As Cardinals manager, Mike Matheny embodies team traditions established by Stan Musial:  excellence and class on the field, dignity and compassion off it.

Through 13 seasons as a major league catcher, Matheny won four gold gloves and set an MLB record for consecutive 10--DSC07072B_600pxerrorless games, 252. He spent five seasons playing for the Cardinals from 2000 to 2004, logging 4,938.1 innings while committing just 14 errors.

Since taking the reins as manager before the 2012 season, Matheny has amassed a regular-season record of 375-273 and has led the Cardinals to the postseason in each of his four seasons, appearing in the 2013 World Series.

But perhaps his devotion to playing the right way, with class and excellence, is most significant in his outlook on youth sports. Following his retirement as a player, Matheny was asked to coach a little league team but was reluctant. So, he put his thoughts in a letter intended for the eyes of 13 families only, which he initially read aloud in his home to parents of prospective players for his team in 2009.

It became known as the Matheny Manifesto.

Matheny started by setting three goals for the season:

  • To teach young men how to play baseball the right way.
  • To be a positive impact on them as young men.
  • To play with class.

 

12--DSC07442_600px“We may not win every game, but we will be the classiest coaches, players, and parents in every game we play,” he wrote.

Perhaps because the message was intended for a small audience, Matheny felt he could be brutally honest about the role of parents in youth sports.

“I will be putting plenty of pressure on these boys to play the game the right way with class, and respect, and they will put too much pressure on themselves and each other already,” he wrote. “You as parents need to be the silent, constant, source of support… I have taken out any work at all for you except to get them there on time, and enjoy.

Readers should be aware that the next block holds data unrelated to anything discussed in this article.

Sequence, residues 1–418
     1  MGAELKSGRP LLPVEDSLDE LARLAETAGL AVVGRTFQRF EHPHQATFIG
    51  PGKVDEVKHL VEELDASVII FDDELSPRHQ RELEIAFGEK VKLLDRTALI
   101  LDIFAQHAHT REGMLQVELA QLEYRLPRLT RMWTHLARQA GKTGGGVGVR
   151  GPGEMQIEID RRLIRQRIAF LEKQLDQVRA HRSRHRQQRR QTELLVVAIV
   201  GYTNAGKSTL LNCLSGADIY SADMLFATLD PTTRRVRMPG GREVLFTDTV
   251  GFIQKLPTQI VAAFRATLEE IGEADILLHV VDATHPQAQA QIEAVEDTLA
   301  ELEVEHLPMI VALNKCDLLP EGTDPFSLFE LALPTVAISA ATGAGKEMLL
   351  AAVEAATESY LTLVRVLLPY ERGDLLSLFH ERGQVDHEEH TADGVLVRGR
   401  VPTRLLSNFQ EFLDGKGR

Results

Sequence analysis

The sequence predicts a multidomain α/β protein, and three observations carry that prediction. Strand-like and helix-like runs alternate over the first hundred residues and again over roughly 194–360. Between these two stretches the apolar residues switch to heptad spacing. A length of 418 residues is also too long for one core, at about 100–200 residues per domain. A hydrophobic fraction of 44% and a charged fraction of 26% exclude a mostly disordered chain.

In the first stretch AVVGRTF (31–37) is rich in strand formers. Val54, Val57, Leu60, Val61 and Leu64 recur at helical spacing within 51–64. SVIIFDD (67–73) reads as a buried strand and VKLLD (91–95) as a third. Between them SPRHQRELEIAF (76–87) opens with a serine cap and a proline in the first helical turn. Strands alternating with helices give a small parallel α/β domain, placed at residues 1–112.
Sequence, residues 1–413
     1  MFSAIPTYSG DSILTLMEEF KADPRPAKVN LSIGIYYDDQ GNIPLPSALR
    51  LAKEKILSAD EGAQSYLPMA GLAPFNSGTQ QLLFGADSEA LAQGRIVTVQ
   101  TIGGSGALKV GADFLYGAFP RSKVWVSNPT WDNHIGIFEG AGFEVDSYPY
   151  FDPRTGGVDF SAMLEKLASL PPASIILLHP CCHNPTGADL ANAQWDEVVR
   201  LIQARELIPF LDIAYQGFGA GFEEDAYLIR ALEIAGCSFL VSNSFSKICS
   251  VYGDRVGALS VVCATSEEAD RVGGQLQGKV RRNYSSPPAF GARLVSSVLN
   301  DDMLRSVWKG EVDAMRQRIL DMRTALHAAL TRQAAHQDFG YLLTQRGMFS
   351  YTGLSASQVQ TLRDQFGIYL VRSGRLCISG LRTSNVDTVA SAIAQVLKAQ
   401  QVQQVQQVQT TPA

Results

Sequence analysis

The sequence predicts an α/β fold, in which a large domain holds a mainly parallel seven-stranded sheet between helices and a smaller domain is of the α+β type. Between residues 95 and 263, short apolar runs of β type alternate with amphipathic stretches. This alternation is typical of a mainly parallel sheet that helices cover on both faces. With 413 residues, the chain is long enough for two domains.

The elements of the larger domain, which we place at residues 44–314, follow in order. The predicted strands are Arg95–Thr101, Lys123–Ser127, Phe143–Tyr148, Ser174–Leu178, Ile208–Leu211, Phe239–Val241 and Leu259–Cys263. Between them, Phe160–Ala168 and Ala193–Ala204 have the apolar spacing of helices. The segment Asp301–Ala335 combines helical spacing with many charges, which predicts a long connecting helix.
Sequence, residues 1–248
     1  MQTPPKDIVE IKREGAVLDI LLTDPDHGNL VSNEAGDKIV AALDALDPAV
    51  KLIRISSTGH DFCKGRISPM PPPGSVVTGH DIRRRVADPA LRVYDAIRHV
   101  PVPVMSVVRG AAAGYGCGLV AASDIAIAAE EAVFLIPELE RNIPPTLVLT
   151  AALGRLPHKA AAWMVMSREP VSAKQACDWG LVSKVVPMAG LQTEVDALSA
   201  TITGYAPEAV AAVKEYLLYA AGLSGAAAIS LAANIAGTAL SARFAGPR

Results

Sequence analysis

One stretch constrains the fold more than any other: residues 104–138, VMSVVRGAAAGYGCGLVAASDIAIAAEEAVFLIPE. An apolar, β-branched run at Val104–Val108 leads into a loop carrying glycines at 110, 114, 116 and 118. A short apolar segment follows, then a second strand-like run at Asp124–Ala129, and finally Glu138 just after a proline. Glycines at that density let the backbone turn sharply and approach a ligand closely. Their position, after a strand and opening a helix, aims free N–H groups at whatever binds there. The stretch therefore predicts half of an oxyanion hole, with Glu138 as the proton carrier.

“I know that right now you are asking yourself if this is what you want to get yourself into and I understand that for some of you it may not be the right fit. I also think that there is a great opportunity for these boys to grow together and learn some lessons that will go beyond their baseball experience.”

2--TY06131506_600pxMatheny’s honesty struck a chord. The speech hit the internet and a national audience, eventually leading to a book that was published in February.

Matheny also shows his compassion through the Catch 22 Foundation, which he started in 2003. The foundation has raised money to build three baseball fields, in Chesterfield, Fairview Heights and at Ranken Jordan Pediatric Hospital. It also supports the work of the Fanconi Anemia Foundation and has provided rehabilitation equipment for Mercy Hospital and its pediatric cancer facility.